Who inspired the film The Boy in the Bubble that Prince Harry mentioned during chat with Gabor Mate?
Prince Harry revealed tonight that until he started therapy he felt like he was living in a bubble, making a comparison to the movie The Boy in the Bubble during an interview with trauma expert Gabor Maté.
The Duke of Sussex, 38, answered questions from Dr Maté during the ‘intimate conversation’ about ‘living with loss and personal healing’, with the £17-a-head tickets including a copy of his memoir, Spare.
During the conversation, which began with the royal insistence that he does not see himself as a victim, which Dr Maté spoke about ahead of the interview, the prince had described how therapy ultimately helped him “burst the bubble.”
Harry replied, ‘I think… I’m still not sure to this day if it was one bubble or if it was several bubbles.
“It’s interesting, the movie The Boy in the Bubble, it kind of felt that way.”
Prince Harry revealed during his interview tonight that before receiving therapy he felt like he was living in a bubble, referring to the documentary The Boy in the Bubble
He added that “(his) own self may have been distorted by (the) environment in which (he) was confined.”
The documentary the royal family referenced, The Boy in the Bubble, tells the story of Texan David Vetter, who spent his entire life trapped in a sterilized plastic bubble, reportedly without direct human contact until shortly before he died at 12- age in 1984.
This was because he suffered from severe combined immune deficiency. When David was born in In September 1971, his parents David and Carol-Anne knew he had a one in two chance of developing the condition.
Unfortunately, its older brother, also called David, died after eight months. So when David was born by emergency cesarean section at St. Luke’s Hospital in Houston, Texas, he was immediately placed in a sterile bubble until tests were performed to see if he had inherited the congenital disease.
Medics had told the Vetter family there was a good chance his sister Katherine would provide a perfect bone marrow match that could be used for a transplant to rebuild his immune system.
Dr. Raphael Wilson believed the bubble would protect David until the transplant worked. He had pioneered the technique on mice, and the child would be his first human patient.
The bubble was supposed to be a temporary measure, but after his sister’s blood was tested, medics found the match wasn’t close enough to risk a transplant.
It was provided by NASA, who even manufactured a special spacesuit that he could use to walk David out, although he only wore it six times.
Medical professionals such as Dr. William Shearer (pictured, left) used David’s case (pictured, right) to learn more about SCID. The young boy lived his entire 12 years in the bubble
Doctors hoped the bubble would be just a temporary arrangement until he could get a bone marrow transplant
According to a documentary about PBSeverything David used in his bubble had to be specially sterilized – even the holy water with which he was baptized.
Growing up, David had school lessons in his bubble and even had a TV set.
The youngster even had a special transport bubble so he could spend some time at home with his family.
But his life was one of constant noise, thanks to the compressor that kept his bubble inflated and the filters used to scrub the air to prevent bacteria from entering his cocoon.
Speaking to Barak Goodman’s documentary, his mother said, “In the early years, David never questioned why he was in a bubble. It was routine for him to have his mother hold him in black gloves. In the beginning, David’s needs were very simple.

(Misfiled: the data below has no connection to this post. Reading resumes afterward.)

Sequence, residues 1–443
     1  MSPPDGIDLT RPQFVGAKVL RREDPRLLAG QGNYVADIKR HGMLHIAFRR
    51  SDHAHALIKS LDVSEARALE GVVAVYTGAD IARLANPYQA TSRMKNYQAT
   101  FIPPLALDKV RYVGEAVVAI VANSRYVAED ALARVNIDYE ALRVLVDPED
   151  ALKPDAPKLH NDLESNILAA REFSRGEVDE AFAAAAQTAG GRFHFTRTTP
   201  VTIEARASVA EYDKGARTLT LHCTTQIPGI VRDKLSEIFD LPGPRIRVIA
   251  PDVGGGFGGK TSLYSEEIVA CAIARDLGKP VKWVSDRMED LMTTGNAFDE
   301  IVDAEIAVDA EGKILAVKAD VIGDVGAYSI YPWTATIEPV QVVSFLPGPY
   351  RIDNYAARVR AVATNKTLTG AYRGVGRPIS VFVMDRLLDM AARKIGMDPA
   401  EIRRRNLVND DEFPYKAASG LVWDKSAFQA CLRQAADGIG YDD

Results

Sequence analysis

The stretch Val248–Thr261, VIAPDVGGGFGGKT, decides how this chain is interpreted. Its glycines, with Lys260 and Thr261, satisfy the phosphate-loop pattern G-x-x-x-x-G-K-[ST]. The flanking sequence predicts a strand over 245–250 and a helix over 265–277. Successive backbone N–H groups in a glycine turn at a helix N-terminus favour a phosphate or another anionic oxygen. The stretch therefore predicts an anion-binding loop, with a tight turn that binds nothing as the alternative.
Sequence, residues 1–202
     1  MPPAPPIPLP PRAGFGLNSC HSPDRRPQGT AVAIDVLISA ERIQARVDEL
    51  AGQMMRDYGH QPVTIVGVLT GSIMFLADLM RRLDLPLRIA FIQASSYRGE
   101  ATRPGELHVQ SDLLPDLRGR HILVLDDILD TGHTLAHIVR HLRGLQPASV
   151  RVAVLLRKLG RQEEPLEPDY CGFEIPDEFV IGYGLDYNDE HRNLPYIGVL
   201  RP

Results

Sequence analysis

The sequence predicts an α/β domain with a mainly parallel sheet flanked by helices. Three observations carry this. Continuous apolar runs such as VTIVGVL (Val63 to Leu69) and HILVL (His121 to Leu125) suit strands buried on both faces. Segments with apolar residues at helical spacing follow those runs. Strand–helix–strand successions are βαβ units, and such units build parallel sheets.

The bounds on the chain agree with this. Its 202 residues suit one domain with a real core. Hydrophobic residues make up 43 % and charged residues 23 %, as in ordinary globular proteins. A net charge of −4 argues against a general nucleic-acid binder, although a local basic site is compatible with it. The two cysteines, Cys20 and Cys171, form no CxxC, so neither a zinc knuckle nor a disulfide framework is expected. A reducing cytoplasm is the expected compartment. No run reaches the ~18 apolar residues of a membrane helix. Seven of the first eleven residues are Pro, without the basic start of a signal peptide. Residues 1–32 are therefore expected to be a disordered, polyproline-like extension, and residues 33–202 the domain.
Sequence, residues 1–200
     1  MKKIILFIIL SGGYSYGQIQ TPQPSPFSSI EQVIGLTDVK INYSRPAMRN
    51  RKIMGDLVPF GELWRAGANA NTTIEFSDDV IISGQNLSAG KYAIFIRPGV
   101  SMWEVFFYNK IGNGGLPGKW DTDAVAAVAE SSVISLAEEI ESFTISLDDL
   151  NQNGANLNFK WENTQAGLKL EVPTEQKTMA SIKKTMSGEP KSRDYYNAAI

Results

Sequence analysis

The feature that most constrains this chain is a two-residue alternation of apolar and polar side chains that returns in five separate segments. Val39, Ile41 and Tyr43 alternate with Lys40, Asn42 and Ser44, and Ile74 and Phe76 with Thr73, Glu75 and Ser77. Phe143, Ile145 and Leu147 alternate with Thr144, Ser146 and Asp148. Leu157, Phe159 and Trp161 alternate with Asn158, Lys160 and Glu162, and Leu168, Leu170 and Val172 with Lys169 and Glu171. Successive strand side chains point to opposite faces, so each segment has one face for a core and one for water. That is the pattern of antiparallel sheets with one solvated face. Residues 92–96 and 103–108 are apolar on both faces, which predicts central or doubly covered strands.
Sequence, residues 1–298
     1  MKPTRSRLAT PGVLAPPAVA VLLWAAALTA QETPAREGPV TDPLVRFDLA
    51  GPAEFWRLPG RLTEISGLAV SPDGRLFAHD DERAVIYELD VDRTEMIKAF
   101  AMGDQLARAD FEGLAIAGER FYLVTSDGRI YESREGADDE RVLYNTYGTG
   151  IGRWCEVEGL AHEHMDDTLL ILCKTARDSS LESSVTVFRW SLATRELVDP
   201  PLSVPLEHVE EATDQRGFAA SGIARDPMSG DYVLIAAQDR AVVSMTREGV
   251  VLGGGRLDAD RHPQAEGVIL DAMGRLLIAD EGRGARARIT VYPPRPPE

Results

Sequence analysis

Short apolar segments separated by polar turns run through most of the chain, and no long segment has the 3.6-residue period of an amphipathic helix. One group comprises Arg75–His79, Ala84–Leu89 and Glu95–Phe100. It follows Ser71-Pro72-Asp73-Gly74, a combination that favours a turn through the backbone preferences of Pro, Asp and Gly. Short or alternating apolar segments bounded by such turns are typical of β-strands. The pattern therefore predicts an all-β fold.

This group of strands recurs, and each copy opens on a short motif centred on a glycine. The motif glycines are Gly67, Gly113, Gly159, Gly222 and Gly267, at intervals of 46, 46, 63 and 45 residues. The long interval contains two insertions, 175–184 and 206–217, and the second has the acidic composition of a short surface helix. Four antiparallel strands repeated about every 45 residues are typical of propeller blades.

“But as he got older, it got harder. I think for us the summers were particularly difficult. I noticed that David spent a lot of time staring out the window.
WHAT IS SEVERE COMBINED IMMUNODEFICIENCY SYNDROME?
SCID is a genetic disorder that results in a poor antibody response to germs.
It is the most severe form of primary immunodeficiency and can be caused by one of nine different gene mutations.
It is also known as the bubble boy disease because David Vetter became famous for living in a sterile bubble for 12 years.
Patients are usually affected by serious infections early in life, including pneumonia, meningitis and ear infections.
If left untreated, the babies usually die within a year.
The most common treatment is a bone marrow transplant.
‘And he saw young boys on bicycles or he saw children tumbling in the grass. I felt a sadness for him.’
As he grew older, David’s plight created serious ethical problems. If he left his bubble, he would die, but the quality of his life was worth all the sacrifices.
Then the younger self began to question his own future. At the age of nine, he wanted to know if he could ever lead a normal life.
Finally, a team of scientists in Boston said they had developed a bone marrow transplant method that allowed them to use imperfect matches.
In October 1984, shortly after his 12th birthday, doctors performed the transplant using Katherine’s bone marrow.
At first, doctors thought the transplant had been a success. Within days, however, his temperature began to rise and he started vomiting blood.
He was still in his bubble and doctors struggled to treat him in such a small space.
In February 1984, David’s condition was still critical, so it was decided to remove him from his bubble for the first time in his life so that they could have unrestricted access to him.
But on February 22, he fell into a coma and doctors allowed David’s family to touch him for the first time. Hours later he was dead.
A post-mortem found that he had died of an incredibly rare cancer, which came from a virus that had been lying dormant in his sister’s bone marrow.
David’s experience proved the link between a virus and cancer. His life was also incredibly valuable to medical science.
Now more than nine out of ten babies born with SCID can be successfully treated.